Lama Marut opened the 2 nd Annual Mahasukha Festival of Bliss with an extraordinary teaching on "Living the Perfect Life, Here & Now."
Venerable Sumati Marut kicked off the 2nd Annual Festival of Bliss on November 3rd and 4th with an amazing teaching on "Living the Perfect Life, Here & Now." Drawing from Hindu, Buddhist, Christian and other sacred texts, he explored the lifestyle of the Jivanmukti, the Hindu yogic term for one who is "liberated in this lifetime." He was excited to give this new teaching because he believes most of us are very close to the goal of learning how to be truly happy.
Why are we so close to the goal? Lama Marut pointed out that the access to knowledge, material resources and education we enjoy was only available to royalty and the elite in the past. Now the question is what we're going to do with this prosperity. The only things keeping us from realizing true happiness are the everyday distractions of modern life. All we need to do is get our priorities in the right order. Venerable Marut alluded to Jesus' statement, "I declare that there are those sitting here among us who will not taste of death before they reach the Kingdom of Heaven."
He asked the audience, "What would a Jivanmukti look like? Does he float? Does she glow?" Lama Marut quickly noted that these types of ideas about enlightened beings keep us from becoming one. Why should they look different? The high Buddhists texts suggest we have the same physical form as enlightened beings. The Bible's Book of Genesis proclaims that we are created in the image of God. The change clearly doesn't take place so much on the outside as much as it does on the inside.
This served as the jumping off point for Lama Marut's explanation of two basic models in religion: developmental and discovery. To illustrate this, he referred to the continually debated question in Buddhism of whether enlightenment is gradual or sudden. He offered, "Gradually you'll get to the point when you realize that enlightenment is suddenly occurring." The paradox of the religious life is that we need to work hard to develop ourselves to the point where we realize that there was nothing to do at all. Lama Marut proposed another way of approaching the two models as "causal" versus "consequential." Take for example samsara (the suffering world) and nirvana. He advises that samsara and nirvana are simply different perspectives on the same thing. We don't attain nirvana. We realize it. We realize the potential here and now. When we realize enlightenment, we'll know we've always been enlightened. We'll just give ourselves an enlightened backstory as a prop for our present. Another angle on the developmental model versus the discovery model is "sequential" as opposed to "simultaneous." From a spiritual standpoint, this can be seen through the realization of enlightenment as a result of one's works or faith. From a philosophical point of view, we can understand this as "becoming" in contrast to "being." The last viewpoint Lama Marut presented was a linear view of history as opposed to a cyclical one. The West primarily adheres to the linear understanding. But the majority of the East lives by a cyclical view, where enlightenment can occur anywhere at anytime.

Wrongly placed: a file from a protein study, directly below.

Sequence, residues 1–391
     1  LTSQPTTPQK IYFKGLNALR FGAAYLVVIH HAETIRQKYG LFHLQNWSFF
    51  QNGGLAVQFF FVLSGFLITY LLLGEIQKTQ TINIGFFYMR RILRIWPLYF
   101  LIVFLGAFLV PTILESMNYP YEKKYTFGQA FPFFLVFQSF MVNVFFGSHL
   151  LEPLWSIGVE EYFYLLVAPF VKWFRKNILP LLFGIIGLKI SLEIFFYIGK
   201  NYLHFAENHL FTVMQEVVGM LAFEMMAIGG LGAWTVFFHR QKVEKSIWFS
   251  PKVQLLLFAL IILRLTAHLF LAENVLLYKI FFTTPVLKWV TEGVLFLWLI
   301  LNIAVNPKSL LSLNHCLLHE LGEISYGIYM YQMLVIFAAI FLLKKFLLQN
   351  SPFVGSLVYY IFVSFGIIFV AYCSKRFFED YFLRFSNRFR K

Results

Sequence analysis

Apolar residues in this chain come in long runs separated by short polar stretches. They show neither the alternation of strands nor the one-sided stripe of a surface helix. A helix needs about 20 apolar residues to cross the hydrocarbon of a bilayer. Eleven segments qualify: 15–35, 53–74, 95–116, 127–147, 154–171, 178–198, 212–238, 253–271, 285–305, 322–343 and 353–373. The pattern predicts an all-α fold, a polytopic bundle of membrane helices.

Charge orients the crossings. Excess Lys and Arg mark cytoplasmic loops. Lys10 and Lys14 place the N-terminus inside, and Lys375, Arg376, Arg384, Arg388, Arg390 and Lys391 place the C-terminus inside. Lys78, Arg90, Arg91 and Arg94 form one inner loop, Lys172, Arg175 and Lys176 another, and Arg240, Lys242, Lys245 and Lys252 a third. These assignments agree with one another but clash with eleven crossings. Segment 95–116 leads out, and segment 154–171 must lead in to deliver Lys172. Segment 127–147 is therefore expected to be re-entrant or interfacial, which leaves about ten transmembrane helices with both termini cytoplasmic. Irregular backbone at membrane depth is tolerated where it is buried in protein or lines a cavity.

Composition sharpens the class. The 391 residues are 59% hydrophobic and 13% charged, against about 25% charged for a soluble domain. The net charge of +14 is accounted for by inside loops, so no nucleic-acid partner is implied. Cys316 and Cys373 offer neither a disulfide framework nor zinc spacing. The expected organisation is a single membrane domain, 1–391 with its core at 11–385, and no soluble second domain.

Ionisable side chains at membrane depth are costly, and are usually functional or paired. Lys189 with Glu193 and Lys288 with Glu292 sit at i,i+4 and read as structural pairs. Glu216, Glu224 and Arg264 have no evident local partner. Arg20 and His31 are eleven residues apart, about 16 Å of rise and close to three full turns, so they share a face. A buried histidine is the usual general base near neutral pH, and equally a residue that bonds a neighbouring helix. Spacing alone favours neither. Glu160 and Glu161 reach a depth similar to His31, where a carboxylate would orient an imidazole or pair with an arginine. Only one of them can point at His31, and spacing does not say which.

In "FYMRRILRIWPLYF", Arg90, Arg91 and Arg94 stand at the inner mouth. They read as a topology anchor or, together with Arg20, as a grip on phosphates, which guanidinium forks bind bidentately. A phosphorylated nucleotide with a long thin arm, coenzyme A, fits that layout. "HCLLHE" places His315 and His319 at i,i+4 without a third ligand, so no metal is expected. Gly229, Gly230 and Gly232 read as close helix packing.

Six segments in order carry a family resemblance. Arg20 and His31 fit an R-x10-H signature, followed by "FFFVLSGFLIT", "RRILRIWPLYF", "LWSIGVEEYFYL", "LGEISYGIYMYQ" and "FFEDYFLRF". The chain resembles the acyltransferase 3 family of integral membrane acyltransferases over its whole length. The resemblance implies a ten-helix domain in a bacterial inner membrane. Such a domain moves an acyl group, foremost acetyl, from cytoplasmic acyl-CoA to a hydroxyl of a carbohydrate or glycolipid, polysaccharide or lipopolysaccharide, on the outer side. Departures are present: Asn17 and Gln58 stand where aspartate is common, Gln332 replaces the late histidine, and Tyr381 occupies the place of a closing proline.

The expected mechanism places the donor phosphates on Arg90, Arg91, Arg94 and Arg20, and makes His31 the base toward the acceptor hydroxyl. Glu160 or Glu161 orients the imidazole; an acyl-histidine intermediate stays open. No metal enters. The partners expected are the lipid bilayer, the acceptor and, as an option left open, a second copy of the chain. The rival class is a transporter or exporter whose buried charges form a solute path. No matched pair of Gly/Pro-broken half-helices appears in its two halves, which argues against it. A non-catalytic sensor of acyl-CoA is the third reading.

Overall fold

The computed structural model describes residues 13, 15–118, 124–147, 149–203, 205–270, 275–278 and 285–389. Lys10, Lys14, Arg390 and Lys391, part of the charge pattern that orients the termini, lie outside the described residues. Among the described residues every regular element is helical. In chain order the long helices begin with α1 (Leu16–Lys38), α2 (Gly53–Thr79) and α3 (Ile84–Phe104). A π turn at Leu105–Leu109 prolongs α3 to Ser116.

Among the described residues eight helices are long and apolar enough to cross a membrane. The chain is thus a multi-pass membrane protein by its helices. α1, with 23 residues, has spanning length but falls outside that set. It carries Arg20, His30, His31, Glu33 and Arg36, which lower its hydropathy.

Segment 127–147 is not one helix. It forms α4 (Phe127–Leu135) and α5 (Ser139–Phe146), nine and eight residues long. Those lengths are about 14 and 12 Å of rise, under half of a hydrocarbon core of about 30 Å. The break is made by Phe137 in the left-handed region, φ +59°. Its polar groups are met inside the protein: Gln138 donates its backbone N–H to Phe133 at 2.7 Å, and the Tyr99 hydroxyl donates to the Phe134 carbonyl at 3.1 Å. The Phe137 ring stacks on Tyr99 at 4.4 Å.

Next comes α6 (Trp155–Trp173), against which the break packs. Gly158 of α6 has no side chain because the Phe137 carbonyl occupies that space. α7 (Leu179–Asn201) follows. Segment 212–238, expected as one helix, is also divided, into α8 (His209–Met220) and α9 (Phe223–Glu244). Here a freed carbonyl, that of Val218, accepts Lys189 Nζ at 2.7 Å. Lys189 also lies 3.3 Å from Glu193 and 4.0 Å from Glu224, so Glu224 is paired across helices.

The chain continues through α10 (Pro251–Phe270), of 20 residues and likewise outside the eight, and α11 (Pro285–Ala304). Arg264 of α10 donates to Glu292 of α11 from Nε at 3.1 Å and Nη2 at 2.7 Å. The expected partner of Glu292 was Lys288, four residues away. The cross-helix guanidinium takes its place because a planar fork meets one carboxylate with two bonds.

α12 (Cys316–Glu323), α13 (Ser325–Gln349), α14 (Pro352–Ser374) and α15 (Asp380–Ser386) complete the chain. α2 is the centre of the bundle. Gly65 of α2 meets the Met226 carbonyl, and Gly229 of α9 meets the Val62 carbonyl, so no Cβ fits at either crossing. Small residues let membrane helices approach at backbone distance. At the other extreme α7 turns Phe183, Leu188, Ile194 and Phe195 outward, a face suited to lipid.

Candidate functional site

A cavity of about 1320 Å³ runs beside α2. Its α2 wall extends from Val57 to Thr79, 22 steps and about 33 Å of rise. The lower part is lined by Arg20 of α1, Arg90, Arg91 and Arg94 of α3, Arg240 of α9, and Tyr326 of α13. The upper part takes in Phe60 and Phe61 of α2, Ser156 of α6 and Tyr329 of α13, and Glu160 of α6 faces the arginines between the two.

Many of us have not convinced ourselves that we're ready for the discovery model. We think we need to improve because we see ourselves as afflicted. The developmental model serves us well in building up our spiritual self-esteem. In this sense, if you want to achieve a happy life, you must practice a happy life. Be aware that the means and ends are the same. Do what Jivanmuktis, liberated living beings, do. As the Bhagavad Gita says, "Whatever an exceptional person does, other folks do too. The whole world tries to measure up to the standard that one sets."
According to Lama Marut, it is essential at this point to be honest with who we think we are. This involves looking at how morally we've been living our lives. When you become a person who trusts himself to do the right thing, you are living a moral life. You don't have to check yourself because you automatically do the right thing. You could be a Jivanmukti but you must "know thy self."
Lama Marut began to discuss how we can learn to be perfect, to be free here and now. The feared and favorite answer sprang from his mouthˇrenunciation. Happiness is not achievable outside of ourselves and the search for it externally distracts us from looking inward. Contentment, the base level of happiness, is found through discovery model, whereas the developmental model is driven by discontentment. It is achieved by realizing everything is fine in the present. Lama Marut quoted the Astanvakra Gita saying, "Samsara is nothing other than having something that needs to be done."